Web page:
Wildlife Survey & Photo Service
Hydropsyche, also called the "Spotted Sedge," are a major source of food for trout and other fish. They are extremely common in tail-water fisheries. The specimens show at the left were collected in the same sample which shows that variety of sizes in the creek at the same time. They were collected in Putah Creek. Note the scale as the larger specimen is about one inch in length.
There are many other species that resemble Hydropsyche. They are commonly confused them with Rhyacophila "Green Rock Worms" which do not have the large number of gills found on Hydropysche.
Hydropsyche larvae are real meaty - a great meal for trout. They do not build cases until they are ready to pupate. Trout can easily dislodge the larvae by rooting between rocks where Hydropsyche build their nets. See the nets a the next tab.
Hydropsyche Larval Nets
The larvae build nets that face upstream. They hide near the narrow part of the net and recover bits of detritus and other food particles from the net. You can easily see the nets in shallow water. Some areas will have hundreds of nets per square meter.
Image on left shows a pupal case glued to a rock. The shot on the right shows the same pupal case after removal from the rock. You can see the developing pupa in the case.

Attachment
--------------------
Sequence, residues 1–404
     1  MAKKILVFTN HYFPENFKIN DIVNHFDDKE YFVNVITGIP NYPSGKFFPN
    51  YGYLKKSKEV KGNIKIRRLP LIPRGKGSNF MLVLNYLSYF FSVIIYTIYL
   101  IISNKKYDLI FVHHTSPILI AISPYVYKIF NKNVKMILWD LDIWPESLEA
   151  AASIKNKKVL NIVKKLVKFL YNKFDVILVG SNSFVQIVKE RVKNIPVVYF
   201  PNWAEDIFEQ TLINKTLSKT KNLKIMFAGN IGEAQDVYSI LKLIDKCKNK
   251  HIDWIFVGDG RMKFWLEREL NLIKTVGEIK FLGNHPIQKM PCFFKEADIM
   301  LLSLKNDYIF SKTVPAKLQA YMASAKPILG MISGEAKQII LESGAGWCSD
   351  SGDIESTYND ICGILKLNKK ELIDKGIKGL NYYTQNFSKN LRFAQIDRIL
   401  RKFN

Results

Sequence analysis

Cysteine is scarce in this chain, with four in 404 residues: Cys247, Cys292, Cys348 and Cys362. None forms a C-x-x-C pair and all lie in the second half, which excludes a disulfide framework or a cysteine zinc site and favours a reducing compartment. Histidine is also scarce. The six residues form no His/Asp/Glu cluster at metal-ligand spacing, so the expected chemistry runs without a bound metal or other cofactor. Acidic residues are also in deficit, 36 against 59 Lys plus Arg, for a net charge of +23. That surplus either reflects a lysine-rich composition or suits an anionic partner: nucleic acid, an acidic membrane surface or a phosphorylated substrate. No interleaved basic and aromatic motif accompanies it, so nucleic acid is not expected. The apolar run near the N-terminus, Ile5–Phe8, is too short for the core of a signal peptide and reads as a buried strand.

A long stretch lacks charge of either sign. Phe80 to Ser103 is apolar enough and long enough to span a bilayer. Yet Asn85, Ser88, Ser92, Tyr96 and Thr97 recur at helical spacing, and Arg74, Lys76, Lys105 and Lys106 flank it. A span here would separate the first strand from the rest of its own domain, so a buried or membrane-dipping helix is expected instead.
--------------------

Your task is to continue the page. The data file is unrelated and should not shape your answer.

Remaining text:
An "emerger" is the adult stage which has the pupal case and pupal sheath, moved to the water surface. This is a highly vulnerable period as the emergers are subject to feeding trout. At the surface, the adult leaves the water to search for mates. Hydropsyche emergers are sought by feeding trout as they hit the water surface.
Adult "Spotted Sedge" are large bugs. We have caught adult females in Putah Creek when they dive back into the water to lay eggs. In my experience they go back in the water at dusk or even as late as Midnight. We have captured many adults - in the water - during the 10:00 PM to 11:00PM sample time.
Please return for a suggested Hydropsyche pattern.
Website created by Ken W. Davis. All Media & Creekman Trademark © 2005 - 2018 (updated November 6, 2018)